On his new album, Love & Life, Eric Benét explores the labyrinth of love, lust and life on a diverse collection that features no low moments but only highs. It's ironic that this album is entitled Love & Life because it is reminiscent of his A Day in the Life, thanks in large part to the
dance grooves that color the CD and the overall feeling of joy and happiness that permeates every song. This is a different Eric Benét than the one who sang an album full
of songs for his lost love on Hurricane. He has found a new love and has put all of the fire and passion from that relationship
onto this disc.
Anyone who wrote Benét off after his last album as a simple singer of
sad songs, will have to pick their jaw up off of the floor after one
listen to Love & Life. Whatever his lady (Manuela Testolini, better known as Prince's
ex-wife) is doing, she needs to pop her collar for influencing her
sweetheart to craft such an excellent fourth solo album. He is a new
man, with a new attitude, and it's reflected in his music, which takes
its cues from R&B, nu soul, disco and funk.
album opens with some serious harmonizing on "Love, Patience &
Time." From its gospel-sounding intro, the song segues into a
finger-snapping good time. Eric weaves an inspirational tale of a war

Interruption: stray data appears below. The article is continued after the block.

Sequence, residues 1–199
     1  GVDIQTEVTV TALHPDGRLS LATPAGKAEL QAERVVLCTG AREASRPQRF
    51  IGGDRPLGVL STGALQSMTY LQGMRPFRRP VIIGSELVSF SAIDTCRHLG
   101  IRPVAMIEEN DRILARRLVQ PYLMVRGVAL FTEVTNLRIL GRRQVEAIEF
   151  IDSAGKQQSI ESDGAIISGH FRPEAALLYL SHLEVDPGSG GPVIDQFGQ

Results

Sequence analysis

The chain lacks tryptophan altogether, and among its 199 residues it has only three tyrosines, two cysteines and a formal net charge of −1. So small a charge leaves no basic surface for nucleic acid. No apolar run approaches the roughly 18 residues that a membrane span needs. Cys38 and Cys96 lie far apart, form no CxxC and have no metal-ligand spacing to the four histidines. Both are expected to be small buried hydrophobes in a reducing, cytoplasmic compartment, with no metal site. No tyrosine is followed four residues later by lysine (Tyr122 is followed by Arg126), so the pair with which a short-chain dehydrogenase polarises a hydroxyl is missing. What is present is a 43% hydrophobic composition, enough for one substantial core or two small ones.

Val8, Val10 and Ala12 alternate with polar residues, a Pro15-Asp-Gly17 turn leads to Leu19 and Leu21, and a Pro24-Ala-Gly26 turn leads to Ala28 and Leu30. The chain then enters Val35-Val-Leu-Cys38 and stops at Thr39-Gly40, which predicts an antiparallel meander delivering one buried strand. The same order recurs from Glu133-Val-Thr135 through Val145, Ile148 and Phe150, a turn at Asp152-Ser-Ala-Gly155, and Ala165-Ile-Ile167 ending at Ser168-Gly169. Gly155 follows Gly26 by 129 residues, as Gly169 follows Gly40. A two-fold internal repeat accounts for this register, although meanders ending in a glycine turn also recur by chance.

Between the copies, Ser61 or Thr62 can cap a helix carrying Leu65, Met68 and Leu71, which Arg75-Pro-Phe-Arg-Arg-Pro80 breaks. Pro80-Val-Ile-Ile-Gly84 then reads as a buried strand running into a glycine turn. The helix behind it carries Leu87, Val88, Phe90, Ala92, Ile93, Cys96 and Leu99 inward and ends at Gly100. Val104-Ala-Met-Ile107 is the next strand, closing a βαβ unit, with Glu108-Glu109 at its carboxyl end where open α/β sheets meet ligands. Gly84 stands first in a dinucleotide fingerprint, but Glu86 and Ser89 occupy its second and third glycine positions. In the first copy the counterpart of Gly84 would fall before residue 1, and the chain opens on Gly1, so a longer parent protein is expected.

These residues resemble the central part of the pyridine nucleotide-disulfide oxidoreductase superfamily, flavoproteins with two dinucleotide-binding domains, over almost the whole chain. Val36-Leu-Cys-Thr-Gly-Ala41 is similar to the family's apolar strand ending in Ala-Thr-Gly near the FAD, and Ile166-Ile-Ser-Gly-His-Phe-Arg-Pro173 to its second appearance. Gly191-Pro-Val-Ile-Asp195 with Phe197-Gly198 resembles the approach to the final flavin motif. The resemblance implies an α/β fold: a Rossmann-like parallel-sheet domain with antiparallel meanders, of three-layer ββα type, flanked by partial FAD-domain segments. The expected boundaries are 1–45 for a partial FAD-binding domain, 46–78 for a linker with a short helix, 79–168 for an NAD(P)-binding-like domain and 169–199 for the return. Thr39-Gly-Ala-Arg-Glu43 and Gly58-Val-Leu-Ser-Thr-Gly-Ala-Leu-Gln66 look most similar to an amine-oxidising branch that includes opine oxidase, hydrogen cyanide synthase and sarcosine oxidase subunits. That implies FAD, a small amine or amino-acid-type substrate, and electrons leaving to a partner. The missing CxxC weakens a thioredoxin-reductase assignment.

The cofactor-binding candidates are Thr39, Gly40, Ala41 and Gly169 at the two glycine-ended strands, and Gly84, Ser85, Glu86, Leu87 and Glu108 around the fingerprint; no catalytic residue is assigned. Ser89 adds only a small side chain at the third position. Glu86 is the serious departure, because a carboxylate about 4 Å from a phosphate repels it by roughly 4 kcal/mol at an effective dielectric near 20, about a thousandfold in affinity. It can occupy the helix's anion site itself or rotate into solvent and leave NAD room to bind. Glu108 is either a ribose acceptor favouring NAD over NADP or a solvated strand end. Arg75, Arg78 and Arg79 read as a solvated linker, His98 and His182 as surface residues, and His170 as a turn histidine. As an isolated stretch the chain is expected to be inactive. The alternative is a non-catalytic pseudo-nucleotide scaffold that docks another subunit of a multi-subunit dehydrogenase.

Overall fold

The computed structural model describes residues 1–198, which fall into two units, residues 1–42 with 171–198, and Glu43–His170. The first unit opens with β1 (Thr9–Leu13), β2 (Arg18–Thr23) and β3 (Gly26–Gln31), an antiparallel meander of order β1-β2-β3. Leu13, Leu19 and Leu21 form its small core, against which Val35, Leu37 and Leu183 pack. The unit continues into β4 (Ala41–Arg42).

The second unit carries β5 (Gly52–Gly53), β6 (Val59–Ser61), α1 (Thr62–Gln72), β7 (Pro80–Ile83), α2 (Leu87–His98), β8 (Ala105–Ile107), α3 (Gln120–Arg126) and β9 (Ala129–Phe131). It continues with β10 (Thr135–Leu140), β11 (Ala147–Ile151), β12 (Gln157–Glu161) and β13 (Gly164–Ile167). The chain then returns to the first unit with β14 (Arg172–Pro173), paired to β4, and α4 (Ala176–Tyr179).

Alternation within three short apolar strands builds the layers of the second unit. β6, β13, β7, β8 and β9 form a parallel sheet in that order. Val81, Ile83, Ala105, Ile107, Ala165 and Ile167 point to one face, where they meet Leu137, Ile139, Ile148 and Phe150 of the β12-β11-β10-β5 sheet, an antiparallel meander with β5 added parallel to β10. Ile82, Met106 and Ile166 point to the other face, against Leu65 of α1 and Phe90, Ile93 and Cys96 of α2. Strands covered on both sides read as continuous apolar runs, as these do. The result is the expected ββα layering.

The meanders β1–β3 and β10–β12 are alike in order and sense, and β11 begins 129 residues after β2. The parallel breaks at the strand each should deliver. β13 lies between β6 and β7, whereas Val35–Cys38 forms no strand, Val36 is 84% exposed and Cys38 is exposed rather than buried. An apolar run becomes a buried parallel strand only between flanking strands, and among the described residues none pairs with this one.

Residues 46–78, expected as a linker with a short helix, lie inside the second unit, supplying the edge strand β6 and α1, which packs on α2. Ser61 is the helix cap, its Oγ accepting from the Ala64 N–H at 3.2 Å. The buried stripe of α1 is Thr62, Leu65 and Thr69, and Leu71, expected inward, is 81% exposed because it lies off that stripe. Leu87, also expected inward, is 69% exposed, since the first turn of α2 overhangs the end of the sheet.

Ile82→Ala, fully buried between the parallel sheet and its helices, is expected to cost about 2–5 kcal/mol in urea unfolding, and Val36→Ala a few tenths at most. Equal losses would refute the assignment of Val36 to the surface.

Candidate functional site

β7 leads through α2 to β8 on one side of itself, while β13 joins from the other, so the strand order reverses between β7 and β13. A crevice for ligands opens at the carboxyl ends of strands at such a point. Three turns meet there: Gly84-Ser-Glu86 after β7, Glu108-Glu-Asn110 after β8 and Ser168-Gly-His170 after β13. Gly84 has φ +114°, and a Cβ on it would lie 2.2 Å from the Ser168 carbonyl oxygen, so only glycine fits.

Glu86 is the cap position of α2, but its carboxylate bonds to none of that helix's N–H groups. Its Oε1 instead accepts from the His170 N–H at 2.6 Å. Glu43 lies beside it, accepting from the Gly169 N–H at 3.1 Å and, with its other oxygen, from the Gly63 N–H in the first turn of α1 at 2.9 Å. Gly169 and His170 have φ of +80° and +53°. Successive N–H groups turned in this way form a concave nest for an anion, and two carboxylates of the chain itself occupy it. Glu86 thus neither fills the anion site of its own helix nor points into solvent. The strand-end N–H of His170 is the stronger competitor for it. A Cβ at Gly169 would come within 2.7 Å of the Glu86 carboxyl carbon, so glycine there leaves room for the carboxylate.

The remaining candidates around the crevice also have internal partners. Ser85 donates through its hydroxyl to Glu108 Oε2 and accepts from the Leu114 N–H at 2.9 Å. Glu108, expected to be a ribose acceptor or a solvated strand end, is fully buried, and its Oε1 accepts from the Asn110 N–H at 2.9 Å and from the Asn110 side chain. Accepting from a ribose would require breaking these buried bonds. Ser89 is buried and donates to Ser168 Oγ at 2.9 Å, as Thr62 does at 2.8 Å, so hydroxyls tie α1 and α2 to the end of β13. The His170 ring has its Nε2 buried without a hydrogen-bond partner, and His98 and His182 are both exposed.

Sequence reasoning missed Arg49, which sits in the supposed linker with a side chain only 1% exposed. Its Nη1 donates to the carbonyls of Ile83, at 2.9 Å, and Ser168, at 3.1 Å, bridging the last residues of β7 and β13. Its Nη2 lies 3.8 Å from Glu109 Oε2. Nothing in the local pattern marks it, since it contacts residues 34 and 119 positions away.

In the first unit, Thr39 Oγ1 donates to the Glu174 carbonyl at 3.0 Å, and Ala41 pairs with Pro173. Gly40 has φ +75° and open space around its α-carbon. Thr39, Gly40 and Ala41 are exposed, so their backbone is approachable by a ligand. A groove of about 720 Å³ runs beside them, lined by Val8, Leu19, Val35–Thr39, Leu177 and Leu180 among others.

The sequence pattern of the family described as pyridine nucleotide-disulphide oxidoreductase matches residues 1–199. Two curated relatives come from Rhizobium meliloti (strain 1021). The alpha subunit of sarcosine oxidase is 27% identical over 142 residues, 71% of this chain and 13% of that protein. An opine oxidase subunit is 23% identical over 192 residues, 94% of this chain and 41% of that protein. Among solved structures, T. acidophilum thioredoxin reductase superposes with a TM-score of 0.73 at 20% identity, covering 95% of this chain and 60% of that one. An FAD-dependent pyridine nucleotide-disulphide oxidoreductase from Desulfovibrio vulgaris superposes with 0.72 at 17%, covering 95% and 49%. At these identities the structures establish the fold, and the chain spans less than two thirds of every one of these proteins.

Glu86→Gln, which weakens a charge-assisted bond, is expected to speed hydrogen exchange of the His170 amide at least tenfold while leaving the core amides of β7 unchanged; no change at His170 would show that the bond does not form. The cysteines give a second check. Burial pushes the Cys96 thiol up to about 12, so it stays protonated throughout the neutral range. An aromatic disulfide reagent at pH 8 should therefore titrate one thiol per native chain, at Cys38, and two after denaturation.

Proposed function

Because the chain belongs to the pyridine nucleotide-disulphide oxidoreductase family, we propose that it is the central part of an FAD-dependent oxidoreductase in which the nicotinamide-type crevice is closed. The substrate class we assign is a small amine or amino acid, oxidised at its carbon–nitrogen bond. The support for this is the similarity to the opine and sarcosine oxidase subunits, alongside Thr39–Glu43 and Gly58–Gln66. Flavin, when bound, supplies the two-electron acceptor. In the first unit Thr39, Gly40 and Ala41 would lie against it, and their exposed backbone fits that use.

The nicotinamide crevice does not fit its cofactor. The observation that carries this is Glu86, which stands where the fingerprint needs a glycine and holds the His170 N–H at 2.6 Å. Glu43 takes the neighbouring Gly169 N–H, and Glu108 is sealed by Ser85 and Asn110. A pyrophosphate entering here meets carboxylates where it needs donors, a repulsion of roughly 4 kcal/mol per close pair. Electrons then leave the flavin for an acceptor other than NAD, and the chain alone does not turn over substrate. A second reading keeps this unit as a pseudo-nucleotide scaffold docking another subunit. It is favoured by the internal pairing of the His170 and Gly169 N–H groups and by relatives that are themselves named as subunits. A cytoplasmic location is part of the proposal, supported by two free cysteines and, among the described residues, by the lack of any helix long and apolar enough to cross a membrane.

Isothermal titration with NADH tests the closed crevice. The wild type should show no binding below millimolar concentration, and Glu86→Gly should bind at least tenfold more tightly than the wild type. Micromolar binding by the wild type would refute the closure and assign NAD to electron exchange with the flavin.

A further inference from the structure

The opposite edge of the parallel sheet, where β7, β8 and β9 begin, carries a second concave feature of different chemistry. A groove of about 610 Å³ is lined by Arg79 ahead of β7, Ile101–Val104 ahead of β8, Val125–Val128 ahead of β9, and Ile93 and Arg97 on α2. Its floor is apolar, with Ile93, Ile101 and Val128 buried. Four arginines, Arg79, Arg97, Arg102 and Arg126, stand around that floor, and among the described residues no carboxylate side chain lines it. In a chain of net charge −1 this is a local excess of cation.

veteran and a loveless young girl over a mid-tempo beat populated by
horns and a groovy bassline.
Eric Benét: "Love, Patience & Time" (snippet)
This song leads into "The Hunger,"
which is a pleasure-filled romp put to music. Another danceable tune is
the hip-hop flavored "Don't Let Go." I can totally hear a rapper like Talib Kweli or Lupe Fiasco jumping on a remix of this one. The party train keeps going on "Iminluvwichoo." Eric and newcomer Linda Kiraly conjure up René & Angela, Yarbrough and Peoples and other funkdafied '80s groups for a true throwback record.
Eric Benét feat. Linda Kiraly: "Iminluvwichoo" (snippet)
Please don't think that Eric just has an album full of only dance floor jams on hand with L&L.
His bread-and-butter love songs are present and tucked neatly into
pockets on the disc. We received a glimpse of this on the first single "You're the Only One," which fell in step with what we're used to hearing from Benét. The duet "Everlove" with Terry Dexter is reminiscent of his pairing with Tamia on
"Spend My Life With You" and has a bright future on wedding playlists.
And after those vows are exchanged and its time to get down to business
on the honeymoon, "Chocolate Legs" can provide the soundtrack to the
Eric Benét: "Chocolate Legs" (snippet)
Eric keeps it sexy on the stepper's jam "Weekend Girl" and the spicy Latin number "Spanish Fly." Love & Life
ends on a high note with a trio of songs -- "Still I Believe," "Sing To
Me" and "One More Tomorrow" -- each one better than the next. The
album's closing track is a sweet lullaby of a song. "One More Tomorrow"
builds to a lush, string-filled crescendo as Eric sings of dreaming
about his love and wanting to spend eternity with her.
Eric Benét: "One More Tomorrow" (snippet)
I didn't feel the need to fast forward at all while listening to Love & Life,
but I definitely found myself pressing rewind a few times. This album
is a deliciously satisfying musical offering. Existing Benét fans will
remember why we fell for him in the first place, and new fans
will discover what many of us already know -- that Eric Benét is one
the greatest, most versatile soul men of this generation. Love & Life is proof positive.